Art as a Gesture: Singular and Shared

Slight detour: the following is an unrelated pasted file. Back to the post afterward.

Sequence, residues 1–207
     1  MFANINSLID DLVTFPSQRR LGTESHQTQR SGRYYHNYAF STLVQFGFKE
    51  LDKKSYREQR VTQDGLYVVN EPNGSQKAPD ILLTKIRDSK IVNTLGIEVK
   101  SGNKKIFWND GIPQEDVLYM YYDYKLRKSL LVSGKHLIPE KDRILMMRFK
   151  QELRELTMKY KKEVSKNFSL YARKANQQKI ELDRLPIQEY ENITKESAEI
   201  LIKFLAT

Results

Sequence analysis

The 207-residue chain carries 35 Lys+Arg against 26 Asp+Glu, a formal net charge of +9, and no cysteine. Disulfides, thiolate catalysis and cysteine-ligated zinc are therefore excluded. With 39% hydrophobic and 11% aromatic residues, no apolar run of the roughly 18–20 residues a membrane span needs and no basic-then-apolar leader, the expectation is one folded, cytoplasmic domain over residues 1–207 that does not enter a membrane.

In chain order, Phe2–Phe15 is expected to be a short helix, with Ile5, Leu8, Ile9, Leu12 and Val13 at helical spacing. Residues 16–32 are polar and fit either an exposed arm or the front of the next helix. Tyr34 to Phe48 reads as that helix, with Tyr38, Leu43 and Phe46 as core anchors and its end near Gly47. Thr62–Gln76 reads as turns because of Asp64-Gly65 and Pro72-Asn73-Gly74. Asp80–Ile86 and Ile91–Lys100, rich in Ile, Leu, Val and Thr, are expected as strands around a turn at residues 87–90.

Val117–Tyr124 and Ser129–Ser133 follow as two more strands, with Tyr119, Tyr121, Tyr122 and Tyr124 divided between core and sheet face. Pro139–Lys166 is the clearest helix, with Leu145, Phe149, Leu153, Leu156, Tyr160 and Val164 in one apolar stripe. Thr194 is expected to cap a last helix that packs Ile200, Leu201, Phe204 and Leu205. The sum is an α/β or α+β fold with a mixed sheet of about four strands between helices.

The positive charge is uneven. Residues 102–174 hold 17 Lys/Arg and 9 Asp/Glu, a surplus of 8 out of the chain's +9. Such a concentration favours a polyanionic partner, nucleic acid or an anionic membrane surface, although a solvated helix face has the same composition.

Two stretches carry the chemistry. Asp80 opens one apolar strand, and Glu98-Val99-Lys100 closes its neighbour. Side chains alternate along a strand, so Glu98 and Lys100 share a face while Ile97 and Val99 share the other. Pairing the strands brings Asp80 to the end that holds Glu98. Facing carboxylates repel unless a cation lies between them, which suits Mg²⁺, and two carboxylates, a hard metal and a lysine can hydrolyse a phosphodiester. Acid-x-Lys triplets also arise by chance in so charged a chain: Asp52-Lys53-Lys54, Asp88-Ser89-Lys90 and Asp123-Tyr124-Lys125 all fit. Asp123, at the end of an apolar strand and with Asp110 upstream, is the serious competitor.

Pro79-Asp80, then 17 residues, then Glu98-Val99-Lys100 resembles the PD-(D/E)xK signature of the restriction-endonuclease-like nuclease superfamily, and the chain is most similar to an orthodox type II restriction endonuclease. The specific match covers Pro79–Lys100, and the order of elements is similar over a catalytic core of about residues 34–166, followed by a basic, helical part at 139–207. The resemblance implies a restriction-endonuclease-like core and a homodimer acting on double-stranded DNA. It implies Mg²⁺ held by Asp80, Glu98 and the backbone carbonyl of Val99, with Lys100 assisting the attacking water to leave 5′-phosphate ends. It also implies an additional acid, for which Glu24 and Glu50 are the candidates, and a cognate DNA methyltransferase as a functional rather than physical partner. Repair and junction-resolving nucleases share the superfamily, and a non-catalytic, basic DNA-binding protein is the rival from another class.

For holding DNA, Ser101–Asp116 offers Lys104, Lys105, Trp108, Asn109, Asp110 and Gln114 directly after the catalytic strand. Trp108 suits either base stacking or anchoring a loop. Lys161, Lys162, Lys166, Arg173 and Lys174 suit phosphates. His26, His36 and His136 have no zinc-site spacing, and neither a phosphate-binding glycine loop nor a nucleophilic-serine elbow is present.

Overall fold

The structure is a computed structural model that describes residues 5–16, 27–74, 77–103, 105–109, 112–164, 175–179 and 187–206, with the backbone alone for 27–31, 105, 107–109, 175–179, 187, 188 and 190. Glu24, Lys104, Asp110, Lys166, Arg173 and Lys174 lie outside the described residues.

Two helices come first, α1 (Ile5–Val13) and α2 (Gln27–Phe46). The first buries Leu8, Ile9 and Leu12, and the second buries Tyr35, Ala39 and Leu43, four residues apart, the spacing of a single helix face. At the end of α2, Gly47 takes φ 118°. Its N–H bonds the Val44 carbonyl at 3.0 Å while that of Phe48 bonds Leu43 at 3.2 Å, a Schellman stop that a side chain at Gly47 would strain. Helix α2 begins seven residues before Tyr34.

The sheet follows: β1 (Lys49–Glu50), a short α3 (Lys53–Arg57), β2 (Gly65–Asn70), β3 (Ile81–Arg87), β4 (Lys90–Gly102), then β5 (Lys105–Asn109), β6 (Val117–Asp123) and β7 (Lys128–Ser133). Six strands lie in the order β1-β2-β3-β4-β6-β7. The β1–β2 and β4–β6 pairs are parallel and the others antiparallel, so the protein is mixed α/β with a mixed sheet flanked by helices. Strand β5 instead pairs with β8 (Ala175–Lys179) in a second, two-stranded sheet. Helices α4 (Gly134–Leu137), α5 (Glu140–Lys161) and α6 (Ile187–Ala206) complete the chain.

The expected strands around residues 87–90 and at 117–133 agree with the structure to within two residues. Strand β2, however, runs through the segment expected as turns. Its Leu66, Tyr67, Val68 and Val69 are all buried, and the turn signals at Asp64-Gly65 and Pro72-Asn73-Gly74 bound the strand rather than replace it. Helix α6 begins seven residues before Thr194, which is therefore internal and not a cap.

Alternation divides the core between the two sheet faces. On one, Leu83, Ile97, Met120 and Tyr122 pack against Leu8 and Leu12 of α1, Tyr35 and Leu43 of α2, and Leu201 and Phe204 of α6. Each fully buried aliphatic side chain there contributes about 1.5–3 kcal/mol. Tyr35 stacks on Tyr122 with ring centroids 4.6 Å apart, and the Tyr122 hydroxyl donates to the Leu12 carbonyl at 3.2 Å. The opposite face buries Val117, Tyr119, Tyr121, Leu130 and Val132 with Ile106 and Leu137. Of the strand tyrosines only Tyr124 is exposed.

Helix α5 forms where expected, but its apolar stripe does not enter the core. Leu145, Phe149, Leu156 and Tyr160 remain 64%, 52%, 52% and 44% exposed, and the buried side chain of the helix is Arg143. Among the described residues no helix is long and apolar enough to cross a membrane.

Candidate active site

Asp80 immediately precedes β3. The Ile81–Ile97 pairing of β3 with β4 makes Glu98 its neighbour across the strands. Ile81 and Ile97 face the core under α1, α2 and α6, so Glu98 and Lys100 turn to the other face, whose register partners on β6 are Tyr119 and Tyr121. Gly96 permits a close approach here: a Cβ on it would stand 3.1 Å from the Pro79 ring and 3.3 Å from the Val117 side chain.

The existence of ‘gatekeepers’ presupposes the validity of rules, norms, and laws. Are there any laws in the arts? Many leading art institutions (e.g. academies, conservatories, universities, culture ministries) resist all change, due to their inertia, rather than any explicit defense of principles. The boundaries of art history have become problematic since the seventies, at least; philosophical aesthetics has renounced any claim to be normative; and art criticism is disappearing, to the benefit of curatorship. Perhaps this is the symptom of a deep historical and anthropological change. Is the alleged and practiced ‘creativity’ in the arts (or even in the economy and in life itself) not the opposite of any established norm? Unlike the first sixty years of the twentieth-century – when the ‘cultural industries’ provided pre-packaged ‘arts’, domesticating the taste of the ‘masses’ and allowing people to enjoy short moments of rest before resuming their work – nowadays the popular consumption of artistic and cultural content has become part of the production process. The ‘new’, ‘creative’ and ‘knowledge-based’ economy is bringing – as the main productive power – the most intimate, spiritual resources of shared, single lives into play within production. Economic innovation converges on the artistic avant-garde obligation to produce ever-new ‘languages’. We are benefiting from an unprecedented improvement of the flow of information and of means of production. The individual gaze and ear are directed towards a rapidly growing past. But life is continuously under pressure from a compulsory voracity, and hostage to this ‘cognitive bioeconomy’. However, the process of destruction of the old rules may suggest another opportunity: the opportunity of seeing in the arts gestures that can help us to recognize and free what is single and shared in life. Everyone can be a ‘gatekeeper’, by taking care of what cannot be governed and exploited by that power. This opportunity opens up a different perspective with regard to the arts – and life: a contingent, historical perspective, which nonetheless lies beyond all historicism and the avant-garde dialectic between rules and exceptions.